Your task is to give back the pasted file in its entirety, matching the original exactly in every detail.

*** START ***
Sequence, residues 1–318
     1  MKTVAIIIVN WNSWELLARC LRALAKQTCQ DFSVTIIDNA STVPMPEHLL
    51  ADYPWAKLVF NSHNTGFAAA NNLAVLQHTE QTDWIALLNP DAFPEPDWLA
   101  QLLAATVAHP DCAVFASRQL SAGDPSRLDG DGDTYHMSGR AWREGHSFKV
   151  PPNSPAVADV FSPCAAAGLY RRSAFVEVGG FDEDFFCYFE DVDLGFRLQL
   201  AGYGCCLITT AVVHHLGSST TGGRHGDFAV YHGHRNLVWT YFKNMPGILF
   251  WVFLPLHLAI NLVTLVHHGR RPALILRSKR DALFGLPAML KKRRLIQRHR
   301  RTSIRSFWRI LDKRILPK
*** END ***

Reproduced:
Sequence, residues 1–318
     1  MKTVAIIIVN WNSWELLARC LRALAKQTCQ DFSVTIIDNA STVPMPEHLL
    51  ADYPWAKLVF NSHNTGFAAA NNLAVLQHTE QTDWIALLNP DAFPEPDWLA
   101  QLLAATVAHP DCAVFASRQL SAGDPSRLDG DGDTYHMSGR AWREGHSFKV
   151  PPNSPAVADV FSPCAAAGLY RRSAFVEVGG FDEDFFCYFE DVDLGFRLQL
   201  AGYGCCLITT AVVHHLGSST TGGRHGDFAV YHGHRNLVWT YFKNMPGILF
   251  WVFLPLHLAI NLVTLVHHGR RPALILRSKR DALFGLPAML KKRRLIQRHR
   301  RTSIRSFWRI LDKRILPK